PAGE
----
Airlines saw soaring profits last year. Above, jets from Southwest Airlines -- which saw $536 million in fourth-quarter profit in 2015 -- wait on the tarmac at Denver International Airport. Reuters/Rick Wilking

As the price of oil, and hence jet fuel, has tumbled, airlines have seen soaring profits. Last year marked the most profitable year for U.S. airlines in decades, USA Today reported Friday.

In the first nine months of 2015 alone, U.S. airline companies cumulatively posted nearly $17.9 billion in profit after taxes. Delta saw a full-year profit of $4.5 billion. Southwest saw $536 million in the fourth quarter, and United reported $823 million in profit in the same period.

The record profits are tied to falling fuel prices. Fuel costs normally consume about a third of an airline’s total revenue. Crude oil prices have fallen sharply over the last year with the glut of oil in the global market. Oil hovered around $30 a barrel in January, down by more than 60 percent since June 2014.

At the same time, record-high oil prices in 2008, which peaked at about $145, allowed airlines to add extra charges, including checked bag fees. While fuel prices have dropped, those fees have remained.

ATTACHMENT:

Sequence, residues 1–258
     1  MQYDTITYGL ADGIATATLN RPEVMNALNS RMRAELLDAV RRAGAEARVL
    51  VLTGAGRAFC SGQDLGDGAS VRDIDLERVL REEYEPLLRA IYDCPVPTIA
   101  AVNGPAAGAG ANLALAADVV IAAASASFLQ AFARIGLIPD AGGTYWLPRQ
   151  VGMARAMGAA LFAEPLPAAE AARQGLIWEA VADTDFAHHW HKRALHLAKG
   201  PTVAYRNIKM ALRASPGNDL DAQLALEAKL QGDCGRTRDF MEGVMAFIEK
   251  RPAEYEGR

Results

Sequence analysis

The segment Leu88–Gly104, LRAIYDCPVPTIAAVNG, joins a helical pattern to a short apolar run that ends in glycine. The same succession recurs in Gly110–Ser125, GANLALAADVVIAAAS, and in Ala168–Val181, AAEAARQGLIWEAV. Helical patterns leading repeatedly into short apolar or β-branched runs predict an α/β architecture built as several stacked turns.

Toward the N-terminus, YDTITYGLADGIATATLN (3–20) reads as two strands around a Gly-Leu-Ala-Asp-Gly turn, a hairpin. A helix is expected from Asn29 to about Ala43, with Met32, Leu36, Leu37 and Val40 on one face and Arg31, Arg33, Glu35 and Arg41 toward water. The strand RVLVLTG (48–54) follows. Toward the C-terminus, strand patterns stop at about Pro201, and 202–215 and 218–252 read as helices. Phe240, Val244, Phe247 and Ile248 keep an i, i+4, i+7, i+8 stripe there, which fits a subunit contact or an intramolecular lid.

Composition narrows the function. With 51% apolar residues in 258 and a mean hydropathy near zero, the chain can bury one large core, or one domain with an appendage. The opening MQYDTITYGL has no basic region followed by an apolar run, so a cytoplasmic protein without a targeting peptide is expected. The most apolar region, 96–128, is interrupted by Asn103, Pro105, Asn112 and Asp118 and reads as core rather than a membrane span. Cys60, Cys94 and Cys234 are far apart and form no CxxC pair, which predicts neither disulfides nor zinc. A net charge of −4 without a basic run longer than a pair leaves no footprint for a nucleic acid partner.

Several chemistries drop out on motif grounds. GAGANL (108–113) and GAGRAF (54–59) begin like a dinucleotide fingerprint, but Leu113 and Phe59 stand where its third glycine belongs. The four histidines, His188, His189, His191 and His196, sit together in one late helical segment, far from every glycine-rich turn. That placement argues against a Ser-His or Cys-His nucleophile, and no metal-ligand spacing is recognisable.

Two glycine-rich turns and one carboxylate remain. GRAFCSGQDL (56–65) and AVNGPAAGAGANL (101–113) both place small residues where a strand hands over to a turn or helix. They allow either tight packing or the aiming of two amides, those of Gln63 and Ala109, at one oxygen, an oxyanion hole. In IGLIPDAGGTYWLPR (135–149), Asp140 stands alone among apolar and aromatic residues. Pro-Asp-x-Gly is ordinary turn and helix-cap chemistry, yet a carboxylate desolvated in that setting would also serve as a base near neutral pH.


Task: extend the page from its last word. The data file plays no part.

Earlier this month, United Airlines announced a pay raise for its pilots. Under the contract, pilots are expected to see a 13 percent hike this year, followed by raises of 3 percent and 2 percent in the following two years. Other airlines are expected to follow in negotiations with pilots’ unions.

“Any pilot gains, so to speak, will become the floor for subsequent negotiations,” R.W. Mann, an industry expert and consultant, said. “The terms of this agreement will be used to advise and inform negotiations for dealing with other open agreements, which include Delta, Southwest and ultimately American.”

The low oil prices have shaken the economies of countries that rely heavily on the resource, from Venezuela to Russia. Saudi Arabia, which has an economy largely built around oil, has announced plans to cut its the state budget amid a massive deficit.